The Disciple, by Steven Dunne

This is a very good sequel to Dunne’s first book, The Reaper, effectively rounding out the story started in that debut, but I’m not sure how it would work as a stand alone novel.

Having read The Reaper very recently, I found it easy to follow the continuing and developing story, but I think a lot needs to be known from the previous book to make this one work for the reader.

DI Damen Brook is drawn back into the world of the killer he named “the Reaper” when he becomes involved in two separate murder investigations that have clear links to earlier Reaper cases.
Are they copycat killings? Or were his earlier beliefs about the Reaper’s identity wrong?
And considering both cases have strong links to Brook himself, should the reader consider the possibility of his potential involvement in the murders?

Like the earlier book, The Disciple spans two time periods, linked by the man Brook has suspected of being the serial killer.
In this book the earlier time period also includes a shift of location, where a historical murder investigation in the US potentially becomes part of the increasingly complex “Reaper” story.
As in the first book, this one differentiates the time periods with different type face. In this case the American sections were in bold type. Personally I don’t like the technique, but it might work for others. I think I would have preferred the same typeface throughout.

While community fear would be the logical outcome of the apparent return of a brutal murderer, the response is very different. The killer has only targeted those who’ve been holding the community to ransom through violence, theft or general abusive, threatening behaviour. The killer’s work ironically makes those communities feel safer and the Reaper becomes a kind of folk hero to those who have been saved from the thuggery of not-so-petty criminals.
Where the legal system seems to fail, and where society increasingly turns away from any idea of ultimate Divine retribution, The Reaper carries out the justice desired by the community at large, but considering how widespread the desire for “justice” has become, how can the Reaper meet the growing need?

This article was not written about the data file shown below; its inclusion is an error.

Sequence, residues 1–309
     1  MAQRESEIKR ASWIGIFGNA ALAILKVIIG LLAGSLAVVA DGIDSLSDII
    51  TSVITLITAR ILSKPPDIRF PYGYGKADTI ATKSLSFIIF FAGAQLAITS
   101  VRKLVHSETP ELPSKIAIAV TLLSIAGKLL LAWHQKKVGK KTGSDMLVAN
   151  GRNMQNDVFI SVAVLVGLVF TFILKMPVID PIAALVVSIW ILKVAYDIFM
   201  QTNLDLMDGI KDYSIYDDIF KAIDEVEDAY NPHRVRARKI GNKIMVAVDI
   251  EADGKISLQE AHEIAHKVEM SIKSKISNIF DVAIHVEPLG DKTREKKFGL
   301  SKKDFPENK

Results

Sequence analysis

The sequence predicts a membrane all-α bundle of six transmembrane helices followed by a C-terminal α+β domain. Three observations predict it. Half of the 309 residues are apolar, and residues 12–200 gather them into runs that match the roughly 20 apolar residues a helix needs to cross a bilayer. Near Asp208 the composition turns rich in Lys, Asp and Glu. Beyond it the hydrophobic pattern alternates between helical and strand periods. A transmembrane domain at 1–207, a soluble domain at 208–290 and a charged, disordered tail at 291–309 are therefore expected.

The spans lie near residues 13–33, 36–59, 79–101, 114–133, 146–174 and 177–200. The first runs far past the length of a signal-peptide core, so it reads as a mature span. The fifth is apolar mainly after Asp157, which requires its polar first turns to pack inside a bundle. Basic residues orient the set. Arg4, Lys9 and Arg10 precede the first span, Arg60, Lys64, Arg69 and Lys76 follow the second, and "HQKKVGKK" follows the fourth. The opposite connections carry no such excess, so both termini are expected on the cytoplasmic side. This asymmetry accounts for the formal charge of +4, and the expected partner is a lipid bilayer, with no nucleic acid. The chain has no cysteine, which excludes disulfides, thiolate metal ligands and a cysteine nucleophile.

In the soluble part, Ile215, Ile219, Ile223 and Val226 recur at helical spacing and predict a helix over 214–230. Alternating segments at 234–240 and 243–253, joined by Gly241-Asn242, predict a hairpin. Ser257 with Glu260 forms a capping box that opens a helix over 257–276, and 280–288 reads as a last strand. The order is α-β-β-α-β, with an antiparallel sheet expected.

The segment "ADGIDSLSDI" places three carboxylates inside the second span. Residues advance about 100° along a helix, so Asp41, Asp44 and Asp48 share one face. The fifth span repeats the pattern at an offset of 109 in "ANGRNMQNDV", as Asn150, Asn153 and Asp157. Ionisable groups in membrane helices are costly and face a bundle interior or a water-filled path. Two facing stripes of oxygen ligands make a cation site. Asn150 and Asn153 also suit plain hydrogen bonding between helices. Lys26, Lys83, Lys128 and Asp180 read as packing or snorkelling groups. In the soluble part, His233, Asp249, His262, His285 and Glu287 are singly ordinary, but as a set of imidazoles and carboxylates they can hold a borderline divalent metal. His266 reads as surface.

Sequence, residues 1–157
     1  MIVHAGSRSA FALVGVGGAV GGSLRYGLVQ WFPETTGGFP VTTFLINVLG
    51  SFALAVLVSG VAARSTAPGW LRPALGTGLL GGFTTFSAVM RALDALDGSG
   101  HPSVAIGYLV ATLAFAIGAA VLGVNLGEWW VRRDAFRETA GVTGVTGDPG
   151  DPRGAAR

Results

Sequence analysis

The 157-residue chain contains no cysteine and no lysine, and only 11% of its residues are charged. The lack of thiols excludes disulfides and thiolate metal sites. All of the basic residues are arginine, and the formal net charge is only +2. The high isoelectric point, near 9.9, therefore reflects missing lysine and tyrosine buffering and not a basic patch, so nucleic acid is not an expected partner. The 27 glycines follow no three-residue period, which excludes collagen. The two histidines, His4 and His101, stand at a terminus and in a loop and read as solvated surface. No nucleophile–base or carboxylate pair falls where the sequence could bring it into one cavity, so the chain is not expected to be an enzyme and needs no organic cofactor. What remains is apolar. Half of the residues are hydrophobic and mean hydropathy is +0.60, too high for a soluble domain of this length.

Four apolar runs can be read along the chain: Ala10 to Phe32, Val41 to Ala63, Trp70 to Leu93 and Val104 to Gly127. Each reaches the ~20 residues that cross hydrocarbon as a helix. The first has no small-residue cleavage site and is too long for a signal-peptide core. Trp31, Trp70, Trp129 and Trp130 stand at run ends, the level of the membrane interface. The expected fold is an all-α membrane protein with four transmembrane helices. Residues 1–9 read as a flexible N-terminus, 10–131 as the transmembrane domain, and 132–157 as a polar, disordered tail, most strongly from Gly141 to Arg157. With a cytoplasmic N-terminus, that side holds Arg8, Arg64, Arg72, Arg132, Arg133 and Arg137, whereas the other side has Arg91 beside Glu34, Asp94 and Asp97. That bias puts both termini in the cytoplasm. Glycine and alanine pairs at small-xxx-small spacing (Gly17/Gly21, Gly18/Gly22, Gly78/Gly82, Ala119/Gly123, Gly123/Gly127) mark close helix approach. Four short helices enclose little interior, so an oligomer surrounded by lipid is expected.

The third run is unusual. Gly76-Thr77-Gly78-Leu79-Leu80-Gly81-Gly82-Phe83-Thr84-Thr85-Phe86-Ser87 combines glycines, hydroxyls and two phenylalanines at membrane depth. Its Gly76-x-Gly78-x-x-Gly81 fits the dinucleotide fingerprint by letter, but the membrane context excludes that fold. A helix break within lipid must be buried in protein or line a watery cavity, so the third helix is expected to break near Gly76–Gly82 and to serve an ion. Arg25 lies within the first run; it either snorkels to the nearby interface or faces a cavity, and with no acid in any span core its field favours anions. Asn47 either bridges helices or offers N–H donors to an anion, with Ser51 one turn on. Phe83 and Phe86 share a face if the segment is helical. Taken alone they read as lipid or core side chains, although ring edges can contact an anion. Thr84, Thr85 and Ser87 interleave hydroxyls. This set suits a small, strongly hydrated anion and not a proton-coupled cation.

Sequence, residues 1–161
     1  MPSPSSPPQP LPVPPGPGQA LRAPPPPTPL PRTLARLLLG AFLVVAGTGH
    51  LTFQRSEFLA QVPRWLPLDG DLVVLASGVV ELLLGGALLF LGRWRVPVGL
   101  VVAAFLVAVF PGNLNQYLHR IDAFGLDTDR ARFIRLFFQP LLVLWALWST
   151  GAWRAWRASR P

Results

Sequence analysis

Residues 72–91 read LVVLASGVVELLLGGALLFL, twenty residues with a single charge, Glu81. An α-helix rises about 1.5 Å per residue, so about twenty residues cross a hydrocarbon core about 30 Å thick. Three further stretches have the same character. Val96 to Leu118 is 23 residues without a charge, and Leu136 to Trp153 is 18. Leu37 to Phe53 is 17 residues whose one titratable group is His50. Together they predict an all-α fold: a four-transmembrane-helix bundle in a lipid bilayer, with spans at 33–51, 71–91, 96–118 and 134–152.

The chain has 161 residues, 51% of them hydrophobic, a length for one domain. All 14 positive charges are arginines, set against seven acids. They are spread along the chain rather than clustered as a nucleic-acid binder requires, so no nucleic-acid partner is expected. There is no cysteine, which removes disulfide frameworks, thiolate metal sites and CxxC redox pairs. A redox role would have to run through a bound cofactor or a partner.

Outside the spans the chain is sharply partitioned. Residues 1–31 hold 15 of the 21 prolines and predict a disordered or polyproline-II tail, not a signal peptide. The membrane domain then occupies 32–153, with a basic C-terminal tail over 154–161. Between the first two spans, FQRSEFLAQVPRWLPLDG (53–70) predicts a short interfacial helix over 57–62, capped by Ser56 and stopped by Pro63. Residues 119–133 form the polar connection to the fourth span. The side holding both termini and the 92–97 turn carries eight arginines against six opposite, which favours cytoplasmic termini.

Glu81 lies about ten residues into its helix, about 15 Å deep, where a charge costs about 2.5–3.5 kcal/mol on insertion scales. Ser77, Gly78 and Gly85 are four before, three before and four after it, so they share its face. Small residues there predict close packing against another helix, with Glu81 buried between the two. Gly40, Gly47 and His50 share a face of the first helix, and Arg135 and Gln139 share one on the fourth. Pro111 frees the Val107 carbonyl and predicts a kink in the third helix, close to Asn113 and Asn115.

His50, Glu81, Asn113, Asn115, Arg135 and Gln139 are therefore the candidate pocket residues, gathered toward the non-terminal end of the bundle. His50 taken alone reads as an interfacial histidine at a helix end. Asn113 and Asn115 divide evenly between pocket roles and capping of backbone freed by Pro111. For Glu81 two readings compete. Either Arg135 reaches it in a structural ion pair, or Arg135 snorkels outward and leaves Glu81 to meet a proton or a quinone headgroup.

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Noah’s Law, by Randa Abdel-Fattah

PAGE TURNER ALERT!!!

This book has been a “breath of fresh air” on my recent reading list.

I needed something like this – the kind of book I was very reluctant to put down, and could have read in one sitting had real life not interrupted from time to time, but as a compromise, I had to spread the reading over two days.

Sixteen year old Noah is an imaginative prankster whose originality is matched by the punishments his Lawyer dad devises.

After being caught altering the grades of classmates’ assignments when left alone in a teacher’s office, a dining room court hearing is convened and Noah’s dad sentences Noah to spend the six week  summer holidays working at his Aunt’s law firm.

The tedium of days spent copying legal documents change when Noah starts to suspect something fishy about a client’s pursuit of financial compensation from storage good franchise.

Noah’s talent for mischief turns out to be a helpful attribute, as he gains his first real-life experience of the legal system and finds how difficult it can be for justice to prevail.

I’ve just realised this is now the third Randa Abdel-Fattah book I’ve read. Only a week or two ago I finished Where The Streets Had a Name, and it was only a few minutes ago as I was typing up this “review” that I realised she is also the author of When Michael Met Mina, a book that I enjoyed last year. ( When Michael Met Mina. At the end of that post I included a link to the author’s personal website, but when I tried to access it a few minutes ago, the site didn’t seem to have any content, apart from the page title.)

 

Publisher’s page for the author.

https://www.panmacmillan.com.au/author/randa-abdel-fattah/